August 22, 1989
On our approach to the Crater Lake area, south on 97 and then west on 138, we had patches of sunshine. But when we turned south off 138 onto the northern approach road to Crater Lake we could see the clouds hanging over the mountains. When we reached the park entrance, the Ranger informed us that we had picked a foggy day and we might not get to see the lake at all. We drove on into fog that became so dense that you could only see a couple of carlengths. We drove on to the visitor center/cafeteria area in the dense fog. There were steep dropoffs into the opaque fog on our right and no railings. On the left were pulloffs which were obviously viewpoints toward the lake, but as the Ranger had suggested, we couldn't see the water at all through the dense fog.
Above is our first view of the Crater Lake area. At least we think there was a lake out there - it was one of the big overlooks. It was certainly a contrast to what we saw on the 1982 trip, above right. We went to the visitor center and talked to the Ranger there. She explained that they had these fogs every couple of weeks and that they usually lasted about a day and a half. We joked with her about doing something about the weather and then went outside to a viewpoint. As we left, she said that she wished she had a magic button to make the fog go away. We went to a model of the lake, shown at right with Rod pointing to our location. Not more than 15 minutes after we left the Ranger, the fog blew off for a few minutes and we got spectacular views of Wizard Island, Phantom Ship and the whole lake. As we stood there in wonder, the Ranger walked out to us and said "Hey, I found that button!". We told her we would recommend her highly.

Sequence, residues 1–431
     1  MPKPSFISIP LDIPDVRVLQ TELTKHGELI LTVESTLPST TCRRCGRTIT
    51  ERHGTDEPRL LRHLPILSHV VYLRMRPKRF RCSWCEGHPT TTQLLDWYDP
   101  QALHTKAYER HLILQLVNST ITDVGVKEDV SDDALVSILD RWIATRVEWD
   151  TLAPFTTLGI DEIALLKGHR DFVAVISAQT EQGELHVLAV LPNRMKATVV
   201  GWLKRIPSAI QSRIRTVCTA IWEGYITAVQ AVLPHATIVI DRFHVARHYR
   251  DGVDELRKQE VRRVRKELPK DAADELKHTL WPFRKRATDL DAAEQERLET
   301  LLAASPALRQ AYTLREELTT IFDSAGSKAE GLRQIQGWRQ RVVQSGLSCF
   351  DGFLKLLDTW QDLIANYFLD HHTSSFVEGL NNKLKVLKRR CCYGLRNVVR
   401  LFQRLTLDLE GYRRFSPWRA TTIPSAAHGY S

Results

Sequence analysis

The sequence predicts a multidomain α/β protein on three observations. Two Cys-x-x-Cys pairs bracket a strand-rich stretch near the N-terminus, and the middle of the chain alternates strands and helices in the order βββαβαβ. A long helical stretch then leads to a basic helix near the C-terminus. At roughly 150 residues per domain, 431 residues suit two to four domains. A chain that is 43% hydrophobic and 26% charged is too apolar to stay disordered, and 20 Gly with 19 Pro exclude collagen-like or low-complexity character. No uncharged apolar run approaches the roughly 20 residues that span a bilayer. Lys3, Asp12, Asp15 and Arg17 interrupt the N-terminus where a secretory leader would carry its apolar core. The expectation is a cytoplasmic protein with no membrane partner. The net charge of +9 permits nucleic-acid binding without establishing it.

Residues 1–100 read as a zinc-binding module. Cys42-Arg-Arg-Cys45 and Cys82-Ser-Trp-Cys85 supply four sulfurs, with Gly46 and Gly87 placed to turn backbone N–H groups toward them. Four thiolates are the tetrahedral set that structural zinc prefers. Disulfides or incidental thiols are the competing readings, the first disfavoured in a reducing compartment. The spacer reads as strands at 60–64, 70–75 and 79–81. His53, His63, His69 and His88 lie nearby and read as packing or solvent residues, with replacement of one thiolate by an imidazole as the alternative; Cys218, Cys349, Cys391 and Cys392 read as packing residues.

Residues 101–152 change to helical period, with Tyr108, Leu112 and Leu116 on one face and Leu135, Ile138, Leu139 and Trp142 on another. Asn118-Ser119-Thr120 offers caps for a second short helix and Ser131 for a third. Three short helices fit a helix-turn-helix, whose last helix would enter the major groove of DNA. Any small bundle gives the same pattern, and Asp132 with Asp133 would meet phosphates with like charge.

The view of the lake below has hints of the almost luminous blue of the lake on sunny days. At least it was a pleasant reminder of what we had seen on the previous occasion.
Crater Lake under the fog with hints of its sunny-day blue color.
A nice view of Wizard Island on Crater Lake. This foggy view is an intriguing contrast to the view of the same setting on the 1982 trip west.
As the fog was blowing around, we would get glimpses of luminous blue color from various points on the lake as the unobstructed sun would strike a given point. The blue areas like that shown at right were tantalizing glimpses of what it would be like if the full sun hit the lake.
This is a view along one of the steep sides of the lake to see tiny Phantom Ship Island tucked away in one cove of the lake.
A closer view of the setting of Phantom Ship shows features on the shore that look like large ash heaps. I take those to be volcanic structures from the volcanic origin of the crater, probably basalt.
Looking down the steep slopes to the water showed multiple shades of blue in the water and an almost glowing green on the trees.
The morning was cool in the intermittent fog, so we enjoyed hiking around for different viewpoints. For moments we would get the brilliant blue of the water, and then the fog would roll back in.
Looking through the low bows of the fir trees to the end of Wizard Island
Continuing my reverie in view of this remarkable deep blue lake. The green trees made an exquisite contrast to the blue waters. Note the little volcanic formation of rock between the trees.
Our old friend the Clark's nutcracker outlined against the blue of the lake.
Even on a foggy day, it was hard to leave the blue water with the lush green trees.
With a last look at the mini-volcanic cone of Wizard Island, we headed for lower elevations.